個人資料保護辦公室

Gabinete para a Protecção de Dados Pessoais

Office for Personal Data Protection

Complaint Case Notes
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No: 0068/2012/IP

Title: Company A transferred to United States the data stored in the computer used by its former CEO

Reason: Active intervention

Brief:

    The Personal Data Protection Office (GPDP) was earlier informed that, Company A was suspected of transferring the data stored in the computer used by its former CEO to United States without notifying or obtaining an authorisation from the local competent authority. Given this might relate to Company A’s processing of personal data, which is subject to the Personal Data Protection Act (Law 8/2005), GPDP decided to launch an investigation.

Analysis:

    The data processing of the current case is regulated by the Personal Data Protection Act under its Articles 4(1)(1) and 3(1).
  Company A admitted that it had transferred to Company B in United States the data stored in the computer used by its former CEO X. This was claimed, on one hand, to prepare for the counter argument of a possible lawsuit to be initiated by X against Company A. On the other, this was prepared for suing X over his suspected theft of confidential information and violation of professional secrecy. The above, as Company A claimed, were to achieve its legitimate interests.
  In GPDP’s views, the data was transferred when X had not initiated any lawsuits. In other words, only on the basis of its subjective speculation of a possible lawsuit Company A transferred the data to America. In fact, even if X filed the lawsuit in a US court against Company A, the concerned data, when necessary, should be provided to a judicial authority instead of another private entity. Moreover, since Company A has registered and operated locally, in conjunction that the person involved is its former CEO, it could actually prepare the lawsuit in Macao and transferring the data to the United States was not necessary.
  With regard to the second reason given by Company A, i.e., to prepare for a lawsuit against X over his suspected theft of confidential information and violation of professional secrecy, it should be pointed out that no one would expect Company A, being a locally registered company, to take its legal action in a US court after finding out its former CEO’s suspected theft and secrecy violation. Furthermore, once a lawsuit is filed, very likely the personal data would be transferred to a US court for legal proceedings. In fact, for the aforesaid suspected information theft and secrecy violation that happened in Macao, as no evidence has shown the infeasibility of a local lawsuit, whereby seeking the intervention of a foreign court lacked a reasonable basis.
  On the other hand, Company A’s batch transfer of data to America was unselected or unfiltered, in which included the data of those third parties who have no relations to the lawsuit. In addition, as these data could be used as supporting evidence in the proceedings and were provided by Company A, without the data subjects’ knowing, to another US private entity, evidently the above showed Company A was only trying to achieve and maintain its own interests. The indulgence and ignorance of the data subjects’ interests and safeguards, as well as the consequence ensued, are indeed against the principle of bona fides.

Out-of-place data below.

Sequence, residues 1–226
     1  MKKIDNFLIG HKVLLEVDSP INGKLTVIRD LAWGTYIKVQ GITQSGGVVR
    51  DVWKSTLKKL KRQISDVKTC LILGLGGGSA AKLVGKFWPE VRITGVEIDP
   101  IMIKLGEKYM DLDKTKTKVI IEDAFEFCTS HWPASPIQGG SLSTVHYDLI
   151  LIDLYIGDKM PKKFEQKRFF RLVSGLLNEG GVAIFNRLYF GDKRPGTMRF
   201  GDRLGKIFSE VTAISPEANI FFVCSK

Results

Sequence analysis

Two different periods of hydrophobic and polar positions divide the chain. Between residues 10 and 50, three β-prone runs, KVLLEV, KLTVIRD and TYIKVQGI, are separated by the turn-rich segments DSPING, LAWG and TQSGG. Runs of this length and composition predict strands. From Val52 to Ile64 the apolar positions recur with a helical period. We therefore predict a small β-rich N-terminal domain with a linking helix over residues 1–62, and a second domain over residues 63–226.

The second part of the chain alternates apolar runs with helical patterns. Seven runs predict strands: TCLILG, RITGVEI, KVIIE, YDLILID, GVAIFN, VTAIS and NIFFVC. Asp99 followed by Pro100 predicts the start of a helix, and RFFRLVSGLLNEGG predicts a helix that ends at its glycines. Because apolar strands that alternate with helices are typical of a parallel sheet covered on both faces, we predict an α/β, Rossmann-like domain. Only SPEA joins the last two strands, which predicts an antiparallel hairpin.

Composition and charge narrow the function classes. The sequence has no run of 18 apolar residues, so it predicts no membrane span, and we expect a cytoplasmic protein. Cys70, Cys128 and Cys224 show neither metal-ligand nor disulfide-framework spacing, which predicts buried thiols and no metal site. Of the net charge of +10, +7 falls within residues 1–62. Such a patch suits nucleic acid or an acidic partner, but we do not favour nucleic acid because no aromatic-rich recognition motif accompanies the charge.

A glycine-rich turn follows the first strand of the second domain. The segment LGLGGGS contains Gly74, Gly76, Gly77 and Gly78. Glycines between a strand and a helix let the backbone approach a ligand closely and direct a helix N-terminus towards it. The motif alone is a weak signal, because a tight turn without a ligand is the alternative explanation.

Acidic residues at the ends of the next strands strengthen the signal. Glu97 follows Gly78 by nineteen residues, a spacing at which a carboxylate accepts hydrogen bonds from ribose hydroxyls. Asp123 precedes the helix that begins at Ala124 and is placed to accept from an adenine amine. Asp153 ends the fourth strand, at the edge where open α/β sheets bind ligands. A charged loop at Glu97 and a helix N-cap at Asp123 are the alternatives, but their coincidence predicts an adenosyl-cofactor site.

In GPDP’s views, Company A’s data processing, including its data transferred to America, did not demonstrate its inevitability, thus failing to meet any legitimacy conditions given in Article 6 of the Personal Data Protection Act. Pursuant to Article 33(2) of the said Law, Company A’s act already constituted an administrative infraction.
  In addition, Company A’s transfer of data to America is actually a transfer of personal data outside Macao, which is bounded by Articles 19 and 20 of the same Law. Given a situation as such a controller should, according to its own circumstances, transfer the data only after notifying GPDP, having received a decision or obtained an authorisation from GPDP. As proven is Company A, when the transfer took place, had not notified, nor obtained a decision or authorisation from GPDP, therefore leading to a violation of Articles 19 and 20. According to Article 33(2) of the same law this act also constituted administrative infraction.

Result:

    Taking into account the factors including the subjective fault of Company A, the amount of transferred data, the uncertain number of data subjects and the uncertain consequences caused to them, destination of the data transfer and the recipient entity of the transfer thereafter, GPDP decided:
  to impose a fine in an amount of MOP $20000 (twenty thousand Macao dollars) according to Article 33(2) of the Personal Data Protection Act, as Company A, while processing the data, failed to meet any legitimacy conditions given in Article 6 of the same Law; and
  to impose a fine in an amount of MOP $20000 (twenty thousand Macao dollars) according to Article 33(2) of the Personal Data Protection Act, for Company A’s violation of Articles 19 and 20 as it transferred personal data outside Macao to a foreign destination (United States) without notifying GPDP, having received a decision or obtained an authorisation from GPDP.
  To sum up, these administrative infractions led to a total fine of MOP$40000 (forty thousand Macao dollars) under Article 34(2) of the Personal Data Protection Act. These sanctions have been implemented.

Reference:
Please refer to "Personal Data Protection Act", articles 3,4,6,19,20,33,34 .

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